We now know how to cancel a single task. However, in real world it is very common to have continuations scheduled to run after a task completes. In most scenarios when cancelling a task you also want to cancel its continuations. You could capture the pplx::cancellation_token_source instance and do a check in each of the continuations but fortunately there is a better way. The ppxl::task::then() function has an overload that takes pplx::cancellation_token as a parameter. When using this overload the task will not run if the token passed to this function is cancelled. The following sample shows how this works:

void cancelling_continuations()
{
    pplx::cancellation_token_source cts;

    auto t = pplx::task<void>([cts]()
    {
        std::cout << "cancelling continuations" << std::endl;

        cts.cancel();
    })
    .then([]()
    {
        std::cout << "this will not run" << std::endl;
    }, cts.get_token());

    try
    {
        if (t.wait() == pplx::task_status::canceled)
        {
            std::cout << "task has been cancelled" << std::endl;
        }
        else
        {
            t.get(); // if task was not cancelled - get the result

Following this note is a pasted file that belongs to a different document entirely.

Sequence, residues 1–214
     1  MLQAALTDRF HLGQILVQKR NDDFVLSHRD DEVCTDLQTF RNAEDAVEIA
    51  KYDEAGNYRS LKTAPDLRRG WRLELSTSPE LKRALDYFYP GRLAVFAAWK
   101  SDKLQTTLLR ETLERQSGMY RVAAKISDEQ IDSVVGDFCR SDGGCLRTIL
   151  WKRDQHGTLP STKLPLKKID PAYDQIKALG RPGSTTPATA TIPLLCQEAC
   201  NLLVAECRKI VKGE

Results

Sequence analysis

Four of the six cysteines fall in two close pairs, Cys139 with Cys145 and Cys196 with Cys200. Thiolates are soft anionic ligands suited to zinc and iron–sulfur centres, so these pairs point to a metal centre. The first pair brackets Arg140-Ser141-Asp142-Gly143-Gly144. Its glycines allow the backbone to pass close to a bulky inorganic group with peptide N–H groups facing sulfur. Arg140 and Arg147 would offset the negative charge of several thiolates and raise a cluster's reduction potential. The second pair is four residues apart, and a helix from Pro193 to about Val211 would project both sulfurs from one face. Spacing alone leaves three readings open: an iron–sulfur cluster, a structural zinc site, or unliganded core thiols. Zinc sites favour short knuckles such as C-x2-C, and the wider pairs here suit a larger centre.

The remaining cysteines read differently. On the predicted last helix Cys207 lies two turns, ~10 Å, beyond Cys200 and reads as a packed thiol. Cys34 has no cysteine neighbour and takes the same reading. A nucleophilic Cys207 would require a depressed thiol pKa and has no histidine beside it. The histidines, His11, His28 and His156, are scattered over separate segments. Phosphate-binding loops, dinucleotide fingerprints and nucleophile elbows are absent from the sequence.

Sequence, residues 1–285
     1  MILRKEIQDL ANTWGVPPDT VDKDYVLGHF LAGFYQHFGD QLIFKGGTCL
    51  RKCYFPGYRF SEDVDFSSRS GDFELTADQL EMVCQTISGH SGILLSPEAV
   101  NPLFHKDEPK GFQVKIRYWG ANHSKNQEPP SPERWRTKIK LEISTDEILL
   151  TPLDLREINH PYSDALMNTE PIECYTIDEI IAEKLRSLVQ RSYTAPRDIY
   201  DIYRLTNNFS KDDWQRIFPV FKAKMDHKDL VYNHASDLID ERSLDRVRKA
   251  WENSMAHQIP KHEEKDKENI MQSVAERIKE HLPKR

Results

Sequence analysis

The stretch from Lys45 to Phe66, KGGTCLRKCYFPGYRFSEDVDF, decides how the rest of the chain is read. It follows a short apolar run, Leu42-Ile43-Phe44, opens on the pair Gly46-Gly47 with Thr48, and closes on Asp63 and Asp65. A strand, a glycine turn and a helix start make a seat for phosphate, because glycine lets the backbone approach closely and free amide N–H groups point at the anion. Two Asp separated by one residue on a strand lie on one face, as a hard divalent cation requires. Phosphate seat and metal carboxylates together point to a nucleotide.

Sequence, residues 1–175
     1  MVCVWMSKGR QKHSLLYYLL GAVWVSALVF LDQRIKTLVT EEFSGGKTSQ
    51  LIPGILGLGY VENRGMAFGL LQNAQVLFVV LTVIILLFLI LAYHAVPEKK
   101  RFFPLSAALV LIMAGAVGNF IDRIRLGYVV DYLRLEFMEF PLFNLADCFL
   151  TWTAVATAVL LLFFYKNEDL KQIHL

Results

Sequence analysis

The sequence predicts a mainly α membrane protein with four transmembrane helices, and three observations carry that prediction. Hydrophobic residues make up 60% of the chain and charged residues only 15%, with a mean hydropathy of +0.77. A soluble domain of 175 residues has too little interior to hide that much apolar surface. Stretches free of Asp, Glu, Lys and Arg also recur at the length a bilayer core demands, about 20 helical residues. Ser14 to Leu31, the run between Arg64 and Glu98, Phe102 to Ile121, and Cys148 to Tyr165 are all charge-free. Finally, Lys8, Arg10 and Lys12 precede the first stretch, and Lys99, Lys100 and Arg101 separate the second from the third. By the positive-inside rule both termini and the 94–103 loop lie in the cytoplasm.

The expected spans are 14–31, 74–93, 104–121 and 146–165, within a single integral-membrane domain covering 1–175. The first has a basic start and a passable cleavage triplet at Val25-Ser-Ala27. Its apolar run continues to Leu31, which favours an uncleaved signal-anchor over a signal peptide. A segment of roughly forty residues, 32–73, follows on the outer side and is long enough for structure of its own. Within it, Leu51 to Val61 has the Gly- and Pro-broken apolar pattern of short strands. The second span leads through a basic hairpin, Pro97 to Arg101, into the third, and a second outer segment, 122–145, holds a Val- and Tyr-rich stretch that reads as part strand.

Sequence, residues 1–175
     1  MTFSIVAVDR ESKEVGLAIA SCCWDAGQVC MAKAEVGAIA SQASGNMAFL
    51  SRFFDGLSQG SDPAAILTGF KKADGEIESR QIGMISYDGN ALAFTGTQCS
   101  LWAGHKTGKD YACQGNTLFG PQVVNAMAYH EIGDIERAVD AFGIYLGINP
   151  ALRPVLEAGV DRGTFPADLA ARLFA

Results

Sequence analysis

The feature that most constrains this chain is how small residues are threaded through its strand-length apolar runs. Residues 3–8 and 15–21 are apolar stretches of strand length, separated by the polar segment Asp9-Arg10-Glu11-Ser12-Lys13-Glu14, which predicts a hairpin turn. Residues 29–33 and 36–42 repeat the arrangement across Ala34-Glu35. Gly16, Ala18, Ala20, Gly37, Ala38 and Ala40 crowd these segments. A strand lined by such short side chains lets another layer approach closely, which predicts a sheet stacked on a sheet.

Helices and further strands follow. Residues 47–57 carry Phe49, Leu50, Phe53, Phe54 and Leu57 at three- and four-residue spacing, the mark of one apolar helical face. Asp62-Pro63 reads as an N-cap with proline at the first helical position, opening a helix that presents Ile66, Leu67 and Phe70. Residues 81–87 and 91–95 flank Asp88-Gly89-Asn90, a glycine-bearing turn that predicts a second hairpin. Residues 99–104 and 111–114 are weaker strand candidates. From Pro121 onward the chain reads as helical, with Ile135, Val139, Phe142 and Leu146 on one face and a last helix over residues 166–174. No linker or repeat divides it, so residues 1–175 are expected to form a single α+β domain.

}
    }
    catch (const std::exception& e)
    {
        std::cout << "excption :" << e.what() << std::endl;
    }
}

Here is the output:

cancelling continuations
task has been cancelled
Press any key to continue . . .

In the code above the first task cancels the token. This results in canceling its continuation because we pass the cancellation token when scheduling the continuation. This is pretty straightforward. The important thing, however, is to also look at what happens on the main thread. In the previous example we called pplx::task::get(). We did this merely to block the main thread from exiting since it would kill all the outstanding threads including the one our task is running on. Here we call pplx::task::wait(). It blocks the main thread until the task reaches the terminal state and returns the status telling whether the task ran to completion or was cancelled. Note that if the task threw an exception this exception would be re-thrown from pplx::task::wait(). If this happens we need to handle this exception or the application will crash. Finally, for the completeness, we also have code that gets the result of the task (t.get()). It will never be executed in our case since we always cancel the task but in reality more often than not the task won’t be cancelled in which case you would want to get the result of the task.

There is a couple of questions I would like to drill into here:
– Why do we even need to use pplx::task::wait() – couldn’t we just use pplx::task::get()? The difference between pplx::task::wait() and pplx::task::get() is that pplx::task::get() will throw a pplx::task_canceled exception if a task has been cancelled whereas pplx::task::wait() does not throw for cancelled tasks. Therefore by using pplx::task::wait() you can avoid exceptions for cancelled tasks. This also may simplify your code when you handle exceptions in a different place than you would want to handle cancellation